1. Push through changes to Board Committee charters to address key ESG issues. As specific ESG issues like board oversight, cybersecurity, and board diversity commitments gain new steam, GCs can help ensure the company’s policies in these areas are clearly reflected in the corporate charter.
  2. Upgrade proxy disclosures. Now is the time for GCs to encourage a greater level of transparency and detail in the proxy statement. With COVID-19 continuing to impact businesses (specifically those with more European based operations), using the CD&A to provide robust, thoughtful discussion around the pandemic and its ongoing implications for compensation plans remains imperative. At the same time, counselors can help companies stay in front of forthcoming mandates by starting conversations around how to incorporate specific and measurable environmental and social KPIs into a long-term compensation strategy.
  3. Align 10-K and ESG reporting. If you do use a Materiality Assessment in your ESG report, be very clear on what you mean by materiality. According to securities laws and regulations, companies are prohibited from omitting material information from the 10-K and 10-Q. If your company’s ESG Materiality Assessment seeks to report something other than materiality as defined by the SEC, clarify what you mean (e.g., an assessment of key stakeholder perceptions on materiality). Internal definitions and external reporting on ESG and materiality should always align.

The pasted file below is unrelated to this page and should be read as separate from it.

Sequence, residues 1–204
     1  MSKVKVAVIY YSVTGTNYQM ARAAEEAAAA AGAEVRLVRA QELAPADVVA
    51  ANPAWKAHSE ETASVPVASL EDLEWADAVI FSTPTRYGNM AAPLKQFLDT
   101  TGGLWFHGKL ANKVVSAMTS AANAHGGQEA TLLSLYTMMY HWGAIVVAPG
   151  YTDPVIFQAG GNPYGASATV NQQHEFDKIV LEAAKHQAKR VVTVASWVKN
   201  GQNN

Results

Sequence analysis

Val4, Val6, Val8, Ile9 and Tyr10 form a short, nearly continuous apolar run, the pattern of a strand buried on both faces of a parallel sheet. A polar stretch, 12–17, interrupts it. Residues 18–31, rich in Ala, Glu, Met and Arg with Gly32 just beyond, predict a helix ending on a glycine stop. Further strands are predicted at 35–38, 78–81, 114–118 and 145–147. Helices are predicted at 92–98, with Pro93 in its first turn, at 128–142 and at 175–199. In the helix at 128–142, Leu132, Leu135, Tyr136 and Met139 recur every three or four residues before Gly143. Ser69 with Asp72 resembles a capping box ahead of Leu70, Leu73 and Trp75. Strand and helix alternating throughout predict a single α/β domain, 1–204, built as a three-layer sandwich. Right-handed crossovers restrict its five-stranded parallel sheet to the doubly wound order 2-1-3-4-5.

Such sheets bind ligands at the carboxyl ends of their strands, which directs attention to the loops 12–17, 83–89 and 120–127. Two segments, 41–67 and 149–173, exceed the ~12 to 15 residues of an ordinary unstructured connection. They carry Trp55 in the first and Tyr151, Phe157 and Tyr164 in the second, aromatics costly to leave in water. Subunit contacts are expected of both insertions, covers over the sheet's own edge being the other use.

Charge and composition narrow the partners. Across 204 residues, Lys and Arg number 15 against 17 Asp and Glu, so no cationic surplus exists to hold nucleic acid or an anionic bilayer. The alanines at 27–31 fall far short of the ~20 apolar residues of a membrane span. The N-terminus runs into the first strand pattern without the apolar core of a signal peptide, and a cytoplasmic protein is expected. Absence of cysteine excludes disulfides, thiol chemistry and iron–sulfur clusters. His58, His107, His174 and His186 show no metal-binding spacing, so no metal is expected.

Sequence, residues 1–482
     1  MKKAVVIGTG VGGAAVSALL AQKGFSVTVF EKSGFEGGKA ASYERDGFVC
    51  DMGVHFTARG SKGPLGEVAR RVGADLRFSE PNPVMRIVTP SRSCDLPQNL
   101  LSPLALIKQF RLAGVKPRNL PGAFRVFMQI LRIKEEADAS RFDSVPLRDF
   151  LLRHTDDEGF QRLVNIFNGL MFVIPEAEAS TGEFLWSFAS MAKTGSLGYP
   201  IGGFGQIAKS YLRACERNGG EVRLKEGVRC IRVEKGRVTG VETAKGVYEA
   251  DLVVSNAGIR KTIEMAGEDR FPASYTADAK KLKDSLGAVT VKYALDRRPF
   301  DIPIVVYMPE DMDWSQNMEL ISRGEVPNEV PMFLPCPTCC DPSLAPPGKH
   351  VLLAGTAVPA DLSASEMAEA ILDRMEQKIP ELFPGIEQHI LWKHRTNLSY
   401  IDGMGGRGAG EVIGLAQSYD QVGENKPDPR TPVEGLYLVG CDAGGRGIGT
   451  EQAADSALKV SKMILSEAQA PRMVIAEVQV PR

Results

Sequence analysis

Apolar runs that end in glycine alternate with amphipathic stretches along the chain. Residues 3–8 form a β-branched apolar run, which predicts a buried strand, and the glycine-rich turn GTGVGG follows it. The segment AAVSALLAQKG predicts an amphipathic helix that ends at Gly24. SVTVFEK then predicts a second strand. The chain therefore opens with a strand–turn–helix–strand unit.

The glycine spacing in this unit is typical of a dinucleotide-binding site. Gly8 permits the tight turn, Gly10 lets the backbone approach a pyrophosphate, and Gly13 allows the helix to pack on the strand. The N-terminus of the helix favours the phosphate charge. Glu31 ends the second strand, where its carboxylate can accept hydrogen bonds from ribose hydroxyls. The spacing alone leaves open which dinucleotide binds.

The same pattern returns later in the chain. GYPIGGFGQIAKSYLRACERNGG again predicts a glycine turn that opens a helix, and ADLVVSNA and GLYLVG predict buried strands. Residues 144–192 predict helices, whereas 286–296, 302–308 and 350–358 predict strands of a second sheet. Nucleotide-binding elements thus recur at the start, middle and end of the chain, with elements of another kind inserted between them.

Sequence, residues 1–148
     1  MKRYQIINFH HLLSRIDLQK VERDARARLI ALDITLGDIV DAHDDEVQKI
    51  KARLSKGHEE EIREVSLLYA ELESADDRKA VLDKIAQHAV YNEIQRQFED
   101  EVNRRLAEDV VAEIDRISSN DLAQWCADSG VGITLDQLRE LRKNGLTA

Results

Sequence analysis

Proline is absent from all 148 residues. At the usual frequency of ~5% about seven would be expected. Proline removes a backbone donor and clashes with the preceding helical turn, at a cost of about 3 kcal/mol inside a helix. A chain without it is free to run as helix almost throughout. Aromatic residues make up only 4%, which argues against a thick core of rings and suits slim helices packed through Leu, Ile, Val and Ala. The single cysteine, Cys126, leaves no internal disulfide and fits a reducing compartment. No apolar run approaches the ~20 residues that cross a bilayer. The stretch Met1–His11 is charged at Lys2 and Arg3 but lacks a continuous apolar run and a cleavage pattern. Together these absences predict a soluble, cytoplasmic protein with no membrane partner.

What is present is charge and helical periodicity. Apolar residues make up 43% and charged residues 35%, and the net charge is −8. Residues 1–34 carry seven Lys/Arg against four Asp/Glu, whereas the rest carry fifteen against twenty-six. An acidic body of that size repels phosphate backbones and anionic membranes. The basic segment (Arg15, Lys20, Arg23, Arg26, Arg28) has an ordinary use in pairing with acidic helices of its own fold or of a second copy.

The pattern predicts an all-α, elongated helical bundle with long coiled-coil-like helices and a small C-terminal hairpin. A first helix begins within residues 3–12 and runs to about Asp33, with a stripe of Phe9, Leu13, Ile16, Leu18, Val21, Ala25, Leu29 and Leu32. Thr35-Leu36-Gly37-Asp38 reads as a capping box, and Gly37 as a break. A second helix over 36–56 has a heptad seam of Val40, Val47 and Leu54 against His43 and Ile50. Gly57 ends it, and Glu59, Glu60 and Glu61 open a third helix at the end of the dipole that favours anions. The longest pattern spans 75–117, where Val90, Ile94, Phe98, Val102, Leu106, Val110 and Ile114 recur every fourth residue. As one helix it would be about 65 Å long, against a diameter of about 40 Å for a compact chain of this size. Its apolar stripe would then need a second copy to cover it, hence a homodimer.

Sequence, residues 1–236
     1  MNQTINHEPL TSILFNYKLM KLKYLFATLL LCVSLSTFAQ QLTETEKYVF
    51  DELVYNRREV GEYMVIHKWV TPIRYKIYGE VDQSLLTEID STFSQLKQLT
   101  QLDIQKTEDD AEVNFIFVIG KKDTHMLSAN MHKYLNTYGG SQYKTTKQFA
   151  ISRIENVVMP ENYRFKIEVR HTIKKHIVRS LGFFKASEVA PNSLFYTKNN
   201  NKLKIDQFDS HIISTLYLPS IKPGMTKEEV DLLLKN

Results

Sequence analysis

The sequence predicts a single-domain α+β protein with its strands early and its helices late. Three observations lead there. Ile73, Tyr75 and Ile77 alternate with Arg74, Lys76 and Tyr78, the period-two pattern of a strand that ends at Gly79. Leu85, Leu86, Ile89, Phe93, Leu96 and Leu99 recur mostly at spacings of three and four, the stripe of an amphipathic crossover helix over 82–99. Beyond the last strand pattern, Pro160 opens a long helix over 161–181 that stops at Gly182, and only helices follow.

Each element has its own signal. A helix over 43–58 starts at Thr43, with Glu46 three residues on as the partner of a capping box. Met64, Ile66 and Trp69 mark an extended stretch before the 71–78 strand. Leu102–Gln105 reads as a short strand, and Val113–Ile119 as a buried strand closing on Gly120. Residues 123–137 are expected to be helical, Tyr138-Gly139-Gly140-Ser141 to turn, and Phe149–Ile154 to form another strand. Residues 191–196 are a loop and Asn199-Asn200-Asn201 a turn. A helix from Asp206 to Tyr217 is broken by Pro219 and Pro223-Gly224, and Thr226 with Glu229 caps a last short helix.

4. Push for off-season engagement. ESG needs to be a priority even when it is not proxy season. First and foremost, the GC can help keep issues front and center by staying current on ESG news, topics, and mandates. Tools like ESG Infinite give counselors a one-stop shop for the latest ESG updates and resources. Counselors can also play a role in understanding industry materiality reporting and the specific ESG factors that are most critical to their companies. And they can encourage board members and executives to follow suit.

Continue reading the full article here.

News Bites